There's an exception though, if you are dealing with a true sociopath or psychopath, you need to get rid of them asap. You will know you are dealing with such a person if they constantly "destroy" people despite you've told them that it's not acceptable.
Of course that's a little unfair. Maybe doing this stuff well means that employees are less likely to find themselves with nothing important to do, or something. Still, it seems like it's focusing on the wrong things.
If you want to keep good employees, surely you actually want to do things like these: Give them interesting work to do. Give them work that has actual value for the world. Pay them well. Make sure they have good tools. Give them a sense of responsibility for the company's success (which means (1) shares or options and (2) as much clarity as possible about how their work relates to the company's higher-level goals). Make sure there are opportunities for progress.
If tinkering with performance-management makes a big difference, I think that can only be because either before or after the tinkering it was catastrophically broken.
Casting what you're saying in the same terms, "no stack ranking" is essential to head off worker dissatisfaction but it doesn't necessarily make Adobe a good place to work.
I know it's about the larger trend, but I couldn't help grinning.
I don't want to be overly negative but COME ON. Changing their goals program didn't nearly triple their stock price. I'm surprised Fortune included that at the end. If it truly had that much of an impact that should be the title of the article.
If what they're doing is true I think this is one of the more innovative talent management strategies out there. I hope this leads to more honest conversations and less politics due to doing whatever it takes to make sure you come out on the top end of a distribution.
As a consultant I've had many projects where we came in to fix a process where we were really fighting their performance management and incentives system.
The only review system I kinda liked was Symbian's. I have no idea if it was a mainstream idea, but they assigned you a level based on how you and your boss perceived a third party would describe your influence.
Edit to add: this is an excellent old article I was reminded of and recommend: http://www.fastcompany.com/53319/why-we-hate-hr
This gives greater freedom to lay people off, in the sense that there is no documentary basis for a lawsuit of wrongful termination.
In an at-will state like California, you can be laid off for any business reason, such as "the work in this area is closing up."
So, justifying a layoff (to the satisfaction of a court) is not a major constraint.
But if there is documentation stating that the employee's work is great, that future opportunities abound, etc., then that justification begins to look suspect.
On the other hand, in the absence of documentation, the at-will rules give great freedom to the employer.
I don't want to seem like a conspiracy theorist. There was probably no one over-riding reason for ditching the written report. But I think the above was a big factor.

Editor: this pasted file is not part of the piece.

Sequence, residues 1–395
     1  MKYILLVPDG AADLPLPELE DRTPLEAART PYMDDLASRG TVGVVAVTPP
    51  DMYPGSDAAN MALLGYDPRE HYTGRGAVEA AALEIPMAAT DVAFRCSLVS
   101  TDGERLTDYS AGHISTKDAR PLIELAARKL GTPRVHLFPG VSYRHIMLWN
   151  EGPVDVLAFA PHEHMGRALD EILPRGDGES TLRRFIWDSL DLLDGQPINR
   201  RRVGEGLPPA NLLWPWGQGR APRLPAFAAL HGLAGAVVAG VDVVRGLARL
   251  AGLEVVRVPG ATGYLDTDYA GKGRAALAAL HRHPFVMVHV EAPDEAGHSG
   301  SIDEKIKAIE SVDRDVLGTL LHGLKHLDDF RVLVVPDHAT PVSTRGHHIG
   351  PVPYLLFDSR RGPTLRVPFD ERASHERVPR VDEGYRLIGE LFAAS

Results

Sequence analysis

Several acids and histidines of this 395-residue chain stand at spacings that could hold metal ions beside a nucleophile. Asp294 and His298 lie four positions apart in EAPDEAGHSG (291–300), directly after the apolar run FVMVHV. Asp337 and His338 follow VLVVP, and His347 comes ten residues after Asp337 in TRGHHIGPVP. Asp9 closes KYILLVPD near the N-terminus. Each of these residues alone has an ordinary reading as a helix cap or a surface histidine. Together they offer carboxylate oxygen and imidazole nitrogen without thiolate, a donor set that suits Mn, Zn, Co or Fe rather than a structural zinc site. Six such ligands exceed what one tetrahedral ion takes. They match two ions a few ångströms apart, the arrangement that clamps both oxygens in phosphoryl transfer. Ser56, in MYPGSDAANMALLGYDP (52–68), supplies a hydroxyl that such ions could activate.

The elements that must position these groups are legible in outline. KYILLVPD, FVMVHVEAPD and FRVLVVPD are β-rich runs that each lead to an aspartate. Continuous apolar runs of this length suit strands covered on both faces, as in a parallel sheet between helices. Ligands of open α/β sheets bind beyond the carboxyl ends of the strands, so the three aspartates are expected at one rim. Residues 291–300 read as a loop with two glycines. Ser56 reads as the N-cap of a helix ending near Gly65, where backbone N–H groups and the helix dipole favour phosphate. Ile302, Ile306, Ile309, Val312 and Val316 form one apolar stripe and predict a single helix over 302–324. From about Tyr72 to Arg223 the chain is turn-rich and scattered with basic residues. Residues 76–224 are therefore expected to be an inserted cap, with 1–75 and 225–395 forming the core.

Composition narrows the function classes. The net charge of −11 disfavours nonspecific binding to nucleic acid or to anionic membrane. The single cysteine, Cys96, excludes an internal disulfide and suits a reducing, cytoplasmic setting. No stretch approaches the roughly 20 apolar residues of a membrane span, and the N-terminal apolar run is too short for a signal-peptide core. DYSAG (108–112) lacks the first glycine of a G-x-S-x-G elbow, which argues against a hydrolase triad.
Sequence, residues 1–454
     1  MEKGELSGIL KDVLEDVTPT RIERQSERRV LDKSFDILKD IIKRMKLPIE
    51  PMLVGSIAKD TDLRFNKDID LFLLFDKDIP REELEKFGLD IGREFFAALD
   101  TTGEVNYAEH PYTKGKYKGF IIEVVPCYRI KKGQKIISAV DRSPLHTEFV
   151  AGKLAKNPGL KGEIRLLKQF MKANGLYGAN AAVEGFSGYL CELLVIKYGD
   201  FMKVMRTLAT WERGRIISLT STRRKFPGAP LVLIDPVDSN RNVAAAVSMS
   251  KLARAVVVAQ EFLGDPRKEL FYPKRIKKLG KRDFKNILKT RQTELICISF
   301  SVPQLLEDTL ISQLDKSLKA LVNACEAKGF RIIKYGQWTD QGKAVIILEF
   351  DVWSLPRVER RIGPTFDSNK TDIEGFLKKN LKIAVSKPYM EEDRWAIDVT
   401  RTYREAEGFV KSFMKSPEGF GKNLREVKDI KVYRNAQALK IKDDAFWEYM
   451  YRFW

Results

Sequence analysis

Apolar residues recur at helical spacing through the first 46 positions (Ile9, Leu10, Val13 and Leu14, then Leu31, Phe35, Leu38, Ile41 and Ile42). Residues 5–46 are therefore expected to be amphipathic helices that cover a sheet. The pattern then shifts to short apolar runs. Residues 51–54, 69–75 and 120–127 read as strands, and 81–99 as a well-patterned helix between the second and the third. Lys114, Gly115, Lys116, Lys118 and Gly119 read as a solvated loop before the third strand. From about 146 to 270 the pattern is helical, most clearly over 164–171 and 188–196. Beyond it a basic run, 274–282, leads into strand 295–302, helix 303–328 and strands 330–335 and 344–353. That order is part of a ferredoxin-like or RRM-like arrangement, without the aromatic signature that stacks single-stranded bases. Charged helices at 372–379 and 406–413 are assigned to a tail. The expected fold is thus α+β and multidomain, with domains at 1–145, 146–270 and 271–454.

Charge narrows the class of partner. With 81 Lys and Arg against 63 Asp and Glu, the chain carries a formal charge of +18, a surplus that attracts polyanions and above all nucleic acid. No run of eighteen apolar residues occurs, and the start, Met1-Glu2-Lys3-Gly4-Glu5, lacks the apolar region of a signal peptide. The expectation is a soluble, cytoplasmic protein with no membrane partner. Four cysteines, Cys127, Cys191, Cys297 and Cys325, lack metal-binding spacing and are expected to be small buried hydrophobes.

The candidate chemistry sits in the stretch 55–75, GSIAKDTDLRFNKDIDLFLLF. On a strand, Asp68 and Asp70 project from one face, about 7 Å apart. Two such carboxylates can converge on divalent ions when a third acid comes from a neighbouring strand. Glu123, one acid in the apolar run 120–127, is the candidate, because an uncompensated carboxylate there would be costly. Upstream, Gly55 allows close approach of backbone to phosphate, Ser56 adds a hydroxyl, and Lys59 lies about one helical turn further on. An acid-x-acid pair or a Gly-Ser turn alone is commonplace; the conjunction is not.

1) Find and retain key people
2) Make improvements in the culture and the people that work there over time
3) Have some kind of system that allows you to let people go when sales go downhill. (And sales will go downhill at some point. Bringing a group of managers into your office and telling them to get rid of 20% of the workforce within the next 4 weeks -- without the affected employes having any indication at all that they are at the bottom of the list -- makes a bad situation even worse)
I think perhaps it's best to separate these goals instead of trying to do it all at once. You don't necessarily want to find people that look like the ones you have. Improvements in people, culture, and environment is something that should always be done with a focus on how the employees personal goals (which should be part of this conversation) fit into the larger enterprise goals, not the other way around. And as long as employees are getting to work in various teams over the course of the year, having each team force-rank folks according to whether they would keep them on their team if the budget was cut in half seems reasonable, because that's just what might happen. Notice that managers do not appear on the vote-them-off-the-island system.
It's a very tough situation and there are no easy answers. I think identifying the various parts and how they might conflict with each other is the first step in moving to the next local optimization.
Many years ago, I worked with a client once that was very small, like <50 people, but was staffed with people who used to hold very senior positions in large companies.
We had some really kick-ass guys, don't get me wrong, but overall the entire thing was a cluster fuck. Why? Because succeeding in a selfless way in a small team and succeeding in an ambitious way in a large organization are diametrically-opposed things.
These guys could talk a good game about how things were supposed to be -- they had taken all the leadership courses and been coached and mentored like hell. They were self-starters and highly-motivated overachievers. There's no doubt in my mind that giving them a clear objectives and sufficient resources would result in the objectives being met. But getting a clear idea of organizational strategy communicated from point A to point B in this place was impossible.
People hold on to knowledge in a large organization. Knowledge is power. It was not unusual -- and remember this was an extremely small org -- to be part of a meeting with 4 or 5 folks where everybody in the room had a different idea of what the endgame was. The CEO told different people different things. Mid-level managers were encouraged to compete with one another. I told my wife that it was the first place I had worked where each person I met had a secret strategy for "once the board gets rid of all those other yahoos, I'll be the one left standing"